Consulting Engineers South Africa recently hosted a very successful conference at the Westin in Cape Town attended by over 200 delegates featuring 20 industry speakers. Lefadi Makibinyane, CESA CEO opened the conference by welcoming delegates and special guests that included keynote speaker, sustainability expert and author, Jason Drew and the Deputy Mayor of Cape Town, Alderman Ian Neilson. Makibinyane stated in his welcoming remarks that there were many challenges to Sustainability and that the National Development Plan was key to addressing these challenges that included the alleviation of poverty and inequality. He maintains that although the Public Infrastructure Coordinating Committee (PICC) is to be applauded much work still needs to be done to resolve the lack of capacity in the public sector. Procurement is another burning industry issue and he contends that quality should be the basis underpinning sustainable development. He believes that what is called for is visionary selfless leadership and hence the theme of the conference – ‘Leadership the Key to Sustainability’.
In his welcome address outgoing President of CESA, Naren Bhojaram stated that there are 5 key sustainability indicators – education; economic and political certainty; job creation; eradication of corruption; and responsible development. In his presidential theme for the past year ‘Sustainability is Everyone’s Business’ Bhojaram stated that leaders should be appointed based on their ethical balance. In the Consulting Engineering environment sustainability is about building things in a responsible way without doing irreparable damage to the environment.
Alderman Ian Neilson, Executive Deputy Mayor of Cape Town
In his keynote address Alderman Ian Neilson provided a comprehensive overview of the infrastructure plans for the City of Cape Town stating that the City has plans for strong investment in infrastructure. He stated, “The focus and drive on infrastructure provision has resulted in capital expenditure of R23 billion over the past five years. In that provision we have kept a strong balance between the provision of new infrastructure and the refurbishment of existing infrastructure. Further, the city has expanded it’s spend on repairs and maintenance, growing it from R0.8 billion in 2006 to R2.9 billion this financial year”.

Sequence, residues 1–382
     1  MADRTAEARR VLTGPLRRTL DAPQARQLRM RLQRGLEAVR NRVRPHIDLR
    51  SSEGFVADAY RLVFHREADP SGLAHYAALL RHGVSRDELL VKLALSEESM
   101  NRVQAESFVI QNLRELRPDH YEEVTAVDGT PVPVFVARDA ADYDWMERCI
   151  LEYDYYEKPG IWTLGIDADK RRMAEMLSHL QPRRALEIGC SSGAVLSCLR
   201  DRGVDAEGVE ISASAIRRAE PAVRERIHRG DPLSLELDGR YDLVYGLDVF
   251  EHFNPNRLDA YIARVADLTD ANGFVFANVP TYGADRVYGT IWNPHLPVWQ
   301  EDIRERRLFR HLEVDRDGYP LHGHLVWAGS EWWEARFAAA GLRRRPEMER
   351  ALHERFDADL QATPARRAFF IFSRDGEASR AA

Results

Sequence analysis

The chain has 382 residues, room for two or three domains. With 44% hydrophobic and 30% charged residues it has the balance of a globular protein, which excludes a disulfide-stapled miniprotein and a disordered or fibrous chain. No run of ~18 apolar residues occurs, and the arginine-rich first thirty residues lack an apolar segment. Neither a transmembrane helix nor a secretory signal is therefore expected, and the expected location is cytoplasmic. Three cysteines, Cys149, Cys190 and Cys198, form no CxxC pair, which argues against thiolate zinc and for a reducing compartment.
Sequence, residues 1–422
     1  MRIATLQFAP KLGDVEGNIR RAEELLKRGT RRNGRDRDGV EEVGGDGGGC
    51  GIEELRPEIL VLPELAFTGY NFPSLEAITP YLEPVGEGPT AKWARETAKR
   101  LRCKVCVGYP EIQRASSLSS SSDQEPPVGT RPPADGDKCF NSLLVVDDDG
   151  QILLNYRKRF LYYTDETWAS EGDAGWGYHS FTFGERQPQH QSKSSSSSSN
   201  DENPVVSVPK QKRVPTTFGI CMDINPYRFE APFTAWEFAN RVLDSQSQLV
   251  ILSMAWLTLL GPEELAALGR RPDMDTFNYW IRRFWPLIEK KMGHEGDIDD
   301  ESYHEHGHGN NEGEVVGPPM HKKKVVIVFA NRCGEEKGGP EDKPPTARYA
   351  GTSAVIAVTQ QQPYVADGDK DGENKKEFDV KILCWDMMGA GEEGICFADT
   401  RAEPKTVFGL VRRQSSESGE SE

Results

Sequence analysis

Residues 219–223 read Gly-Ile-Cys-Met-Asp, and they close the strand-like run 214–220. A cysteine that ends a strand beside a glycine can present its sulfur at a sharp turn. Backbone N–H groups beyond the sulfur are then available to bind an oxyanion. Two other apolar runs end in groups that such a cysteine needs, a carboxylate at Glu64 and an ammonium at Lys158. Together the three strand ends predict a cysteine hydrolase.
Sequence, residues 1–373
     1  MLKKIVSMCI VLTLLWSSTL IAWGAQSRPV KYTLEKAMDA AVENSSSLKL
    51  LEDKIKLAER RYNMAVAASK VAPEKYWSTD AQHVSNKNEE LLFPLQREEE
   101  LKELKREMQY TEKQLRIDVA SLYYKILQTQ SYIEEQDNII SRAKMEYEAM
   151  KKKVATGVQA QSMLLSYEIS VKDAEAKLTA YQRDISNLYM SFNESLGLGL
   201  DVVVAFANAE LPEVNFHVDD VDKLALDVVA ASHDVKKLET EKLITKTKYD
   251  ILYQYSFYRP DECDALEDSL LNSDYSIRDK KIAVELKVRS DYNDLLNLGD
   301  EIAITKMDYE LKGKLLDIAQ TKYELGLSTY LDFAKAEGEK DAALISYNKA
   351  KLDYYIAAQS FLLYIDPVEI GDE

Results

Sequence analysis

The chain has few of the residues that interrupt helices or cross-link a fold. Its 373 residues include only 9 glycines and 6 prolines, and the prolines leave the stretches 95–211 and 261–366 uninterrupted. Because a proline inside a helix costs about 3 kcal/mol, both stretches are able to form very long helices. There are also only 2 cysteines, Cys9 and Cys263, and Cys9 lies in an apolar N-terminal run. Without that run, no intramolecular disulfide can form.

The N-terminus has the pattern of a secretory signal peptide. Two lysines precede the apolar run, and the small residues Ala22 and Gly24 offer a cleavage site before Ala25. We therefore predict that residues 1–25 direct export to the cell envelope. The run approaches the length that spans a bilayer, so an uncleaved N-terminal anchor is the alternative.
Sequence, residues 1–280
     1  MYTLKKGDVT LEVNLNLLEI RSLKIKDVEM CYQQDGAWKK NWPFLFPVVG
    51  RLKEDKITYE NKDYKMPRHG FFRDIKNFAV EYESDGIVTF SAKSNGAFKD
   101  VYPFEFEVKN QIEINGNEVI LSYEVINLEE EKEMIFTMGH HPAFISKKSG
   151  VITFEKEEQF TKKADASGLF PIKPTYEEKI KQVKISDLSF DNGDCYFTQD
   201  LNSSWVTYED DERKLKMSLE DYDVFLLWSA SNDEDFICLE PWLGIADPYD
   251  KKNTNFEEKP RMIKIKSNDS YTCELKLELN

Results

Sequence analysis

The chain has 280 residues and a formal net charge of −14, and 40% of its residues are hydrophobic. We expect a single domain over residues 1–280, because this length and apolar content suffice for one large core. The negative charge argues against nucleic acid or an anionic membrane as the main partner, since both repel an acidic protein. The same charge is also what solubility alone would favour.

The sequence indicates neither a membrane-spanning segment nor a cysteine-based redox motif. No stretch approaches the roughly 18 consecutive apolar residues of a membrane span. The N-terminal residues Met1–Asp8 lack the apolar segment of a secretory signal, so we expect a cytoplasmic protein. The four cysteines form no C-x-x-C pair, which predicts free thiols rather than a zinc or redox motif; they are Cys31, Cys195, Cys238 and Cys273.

In his address he maintains that, “The change towards tendered appointments has affected how relationships are managed. It has created new opportunities for some and challenges for others. The challenge to achieve a competitive approach to professional services is not yet satisfactorily resolved. It is even becoming more difficult in that doing preliminary work on a project now precludes a firm from bidding on the detailed project”. He went on to say that the key urban challenge for South African cities over the next decade is the need to shift the transport modal split considerably towards public transport. It must work not only for the captive poor, but must work also for the rising numbers in the middle classes. It has to be comprehensive, reliable, safe and affordable and only concerted government commitment can make it happen.
Jason Drew, Sustainability Expert and Author
Jason Drew, Sustainability Expert stated that earlier in the century we experienced the Industrial Revolution and now we are experiencing the Sustainability Revolution and that it is up to Leadership to show us the change. He maintains that in our resource constrained world that we need to do things radically different. He posed the question of where we get leadership from, not from Government who only has a short term. He went on to say that honesty is key and he believes that the only leadership that we can follow is that of business - if a company does not follow through on its values then consumers move away – they have to do the right thing. Drew made a brilliant case showing that you can be both an Environmentalist and a Capitalist in order to do good for communities. He showed examples of what businesses can do to make a profit in an inclusive sustainable way that can fix our planet.
Abe Thela, newly elected President of CESA
Abe Thela, the newly elected President of CESA launched the CESA Sustainability Framework that was adopted to become compulsory for membership of CESA at the CESA AGM held at the conference. All member firms are now required to prepare a simple sustainability report as part of their annual declarations to CESA. Thela thanked member firms involved in the development of the framework that included GIBB, UWP Consulting and Royal HaskoningDHV. The report is aligned with international best practice (FIDIC) and the Global Reporting Initiative (GRI).
Lullu Krugel, Associate Director KPMG